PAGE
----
Afghan Women And Girls Fear Loss Of Rights As Taliban Takes Over


Aug. 20 2021, Published 4:30 a.m. ET

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Just days after the United States removed troops from Afghanistan earlier this week, the Taliban, a harsh, totalitarian, militaristic sect within the Islamic faith within the country, has taken over the government again through force.

As the conservative religious groups gain power, women, who have regained many rights since its decline in the nation, fear losing their rights once again. Education for girls is only one of the things feared lost as the regime overthrow occurs. The deal struck by the United States to remove troops from Afghanistan – signed on February 29, 2020, under Trump’s administration – leaves the future of women completely up to the Taliban.

“The Taliban remains broadly consistent in its restrictive approach to women’s rights and would roll back much of the past two decades of progress if the group regains national power,” said the US intelligence community’s top analytical body previous to the removal of U.S. troops.

Before the 2001 US-led invasion, restricting the Taliban’s control, women and girls experienced harsh rules barring them from attendance of educational institutions, working outside their homes, being out in public without male relatives accompanying them, and more. The Taliban are also known for their harsh Sharia law practices, which prohibit women and girls from many social and human rights. If women violate these laws and regulations, they are often beaten publicly, humiliated, and in extreme cases, killed outright with no contest of the law.

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The Taliban have claimed that this time as they retake power, women will retain the rights they gained under the occupation of foreign troops. Taliban spokesman Zabihullah Mujahid said in May, “The purpose would be enabling women to contribute to the country in a peaceful and protected environment,” Taliban spokesman Zabihullah Mujahid said in May.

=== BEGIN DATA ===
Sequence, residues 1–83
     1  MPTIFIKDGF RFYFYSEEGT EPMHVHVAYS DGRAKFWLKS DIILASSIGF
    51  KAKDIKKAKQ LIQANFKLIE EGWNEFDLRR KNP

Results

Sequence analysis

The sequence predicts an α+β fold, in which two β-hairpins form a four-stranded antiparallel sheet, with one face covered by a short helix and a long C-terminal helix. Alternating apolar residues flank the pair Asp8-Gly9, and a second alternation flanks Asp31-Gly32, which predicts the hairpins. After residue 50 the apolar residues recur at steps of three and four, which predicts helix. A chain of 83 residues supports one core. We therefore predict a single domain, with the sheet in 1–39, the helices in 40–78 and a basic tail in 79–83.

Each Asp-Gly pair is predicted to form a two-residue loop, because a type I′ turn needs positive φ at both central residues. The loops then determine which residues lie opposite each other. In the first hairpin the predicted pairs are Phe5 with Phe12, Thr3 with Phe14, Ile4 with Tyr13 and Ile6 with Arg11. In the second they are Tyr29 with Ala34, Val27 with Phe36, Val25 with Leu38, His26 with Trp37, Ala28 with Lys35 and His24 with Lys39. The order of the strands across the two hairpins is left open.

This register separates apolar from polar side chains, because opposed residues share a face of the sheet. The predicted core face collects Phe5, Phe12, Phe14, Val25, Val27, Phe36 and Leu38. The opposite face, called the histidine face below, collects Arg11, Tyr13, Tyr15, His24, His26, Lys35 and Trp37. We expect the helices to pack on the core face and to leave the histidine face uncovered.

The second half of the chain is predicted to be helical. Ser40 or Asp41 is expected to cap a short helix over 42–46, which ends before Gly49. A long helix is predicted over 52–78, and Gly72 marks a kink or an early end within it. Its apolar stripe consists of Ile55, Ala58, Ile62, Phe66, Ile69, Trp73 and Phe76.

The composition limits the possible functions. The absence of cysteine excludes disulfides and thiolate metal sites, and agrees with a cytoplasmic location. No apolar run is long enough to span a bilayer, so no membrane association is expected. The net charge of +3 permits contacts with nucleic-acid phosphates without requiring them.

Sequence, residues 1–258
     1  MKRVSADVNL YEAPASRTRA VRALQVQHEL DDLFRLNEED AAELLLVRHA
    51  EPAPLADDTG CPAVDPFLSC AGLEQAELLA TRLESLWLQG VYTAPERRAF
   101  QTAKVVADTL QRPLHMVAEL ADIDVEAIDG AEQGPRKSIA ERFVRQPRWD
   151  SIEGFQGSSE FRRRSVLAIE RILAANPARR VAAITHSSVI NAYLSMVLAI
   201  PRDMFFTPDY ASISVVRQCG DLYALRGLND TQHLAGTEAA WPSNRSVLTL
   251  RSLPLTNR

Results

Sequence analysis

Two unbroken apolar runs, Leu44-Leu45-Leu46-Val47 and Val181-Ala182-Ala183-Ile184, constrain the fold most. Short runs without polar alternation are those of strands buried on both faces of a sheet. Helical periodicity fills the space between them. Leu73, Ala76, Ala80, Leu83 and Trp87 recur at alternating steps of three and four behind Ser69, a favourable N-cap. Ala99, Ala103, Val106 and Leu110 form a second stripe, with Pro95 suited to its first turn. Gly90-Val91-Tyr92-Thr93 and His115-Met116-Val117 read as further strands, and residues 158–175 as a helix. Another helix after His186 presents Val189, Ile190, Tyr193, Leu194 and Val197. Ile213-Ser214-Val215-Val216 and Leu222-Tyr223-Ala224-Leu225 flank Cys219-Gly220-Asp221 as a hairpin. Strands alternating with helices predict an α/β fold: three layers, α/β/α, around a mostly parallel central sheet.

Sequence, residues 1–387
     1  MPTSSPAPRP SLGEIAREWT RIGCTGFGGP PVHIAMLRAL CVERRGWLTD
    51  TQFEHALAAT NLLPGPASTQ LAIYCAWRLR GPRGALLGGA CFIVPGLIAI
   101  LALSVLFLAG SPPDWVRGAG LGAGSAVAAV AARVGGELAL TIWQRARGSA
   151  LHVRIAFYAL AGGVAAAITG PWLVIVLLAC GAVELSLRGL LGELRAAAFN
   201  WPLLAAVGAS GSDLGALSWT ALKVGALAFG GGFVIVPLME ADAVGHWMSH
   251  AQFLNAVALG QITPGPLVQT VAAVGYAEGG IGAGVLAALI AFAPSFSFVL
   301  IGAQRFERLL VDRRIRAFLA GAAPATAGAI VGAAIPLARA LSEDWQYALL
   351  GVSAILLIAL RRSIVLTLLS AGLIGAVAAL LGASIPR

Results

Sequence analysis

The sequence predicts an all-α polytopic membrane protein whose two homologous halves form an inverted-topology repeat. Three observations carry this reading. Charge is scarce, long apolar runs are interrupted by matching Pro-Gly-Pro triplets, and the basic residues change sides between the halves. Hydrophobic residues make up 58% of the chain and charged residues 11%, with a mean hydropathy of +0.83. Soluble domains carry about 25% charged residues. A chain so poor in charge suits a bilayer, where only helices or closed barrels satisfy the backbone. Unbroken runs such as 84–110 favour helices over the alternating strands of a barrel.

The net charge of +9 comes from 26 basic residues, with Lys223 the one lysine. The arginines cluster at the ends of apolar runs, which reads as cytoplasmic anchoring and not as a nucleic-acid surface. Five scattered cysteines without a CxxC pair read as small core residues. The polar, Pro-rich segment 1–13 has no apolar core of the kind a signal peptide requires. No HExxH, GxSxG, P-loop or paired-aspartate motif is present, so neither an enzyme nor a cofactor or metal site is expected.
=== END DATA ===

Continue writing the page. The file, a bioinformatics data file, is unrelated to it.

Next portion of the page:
Women’s rights activists from Afghanistan and others are not confident that the Taliban will keep their promises. “Women in Afghanistan are the most at danger or most at-risk population of the country,” said Fawzia Koofi, a women’s rights activist and former lawmaker and member of the Afghan delegation. She added that the women of Afghanistan feel “betrayed” by the happenings.

Women have already been forced to remain indoors within cities under the Taliban’s control once again. A letter sent anonymously from a group of women in one of the cities where U.S. troops pulled out stated, “The Taliban, during the previous regime, showed that they would never allow women to study and work while Islam allowed them to do so, even under Islam. Men are entitled to the same rights in every period of time. We are awake with thousands of fears and fears until dawn. Please stop the Taliban. Respect women and girls.”

Fears have also arisen that women and girls would be forced into marriages with members of the Taliban. Mujahid dismissed their letter as “rubbish and baseless propaganda,” denying any women would be forced into marriage.

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By: Rita Pike

Rita Juanita Pike is the granddaughter of Jerrie Mock, the first woman to pilot an airplane around the world. Rita has taken inspiration from her grandmother’s life and flight and pursued many of her own dreams in theater, podcasting, and novel writing. She now writes about travel, pets, faith, and the arts. She’s happily married to Matt, and faithfully serves a very fluffy kitten queen, Lady Stardust.

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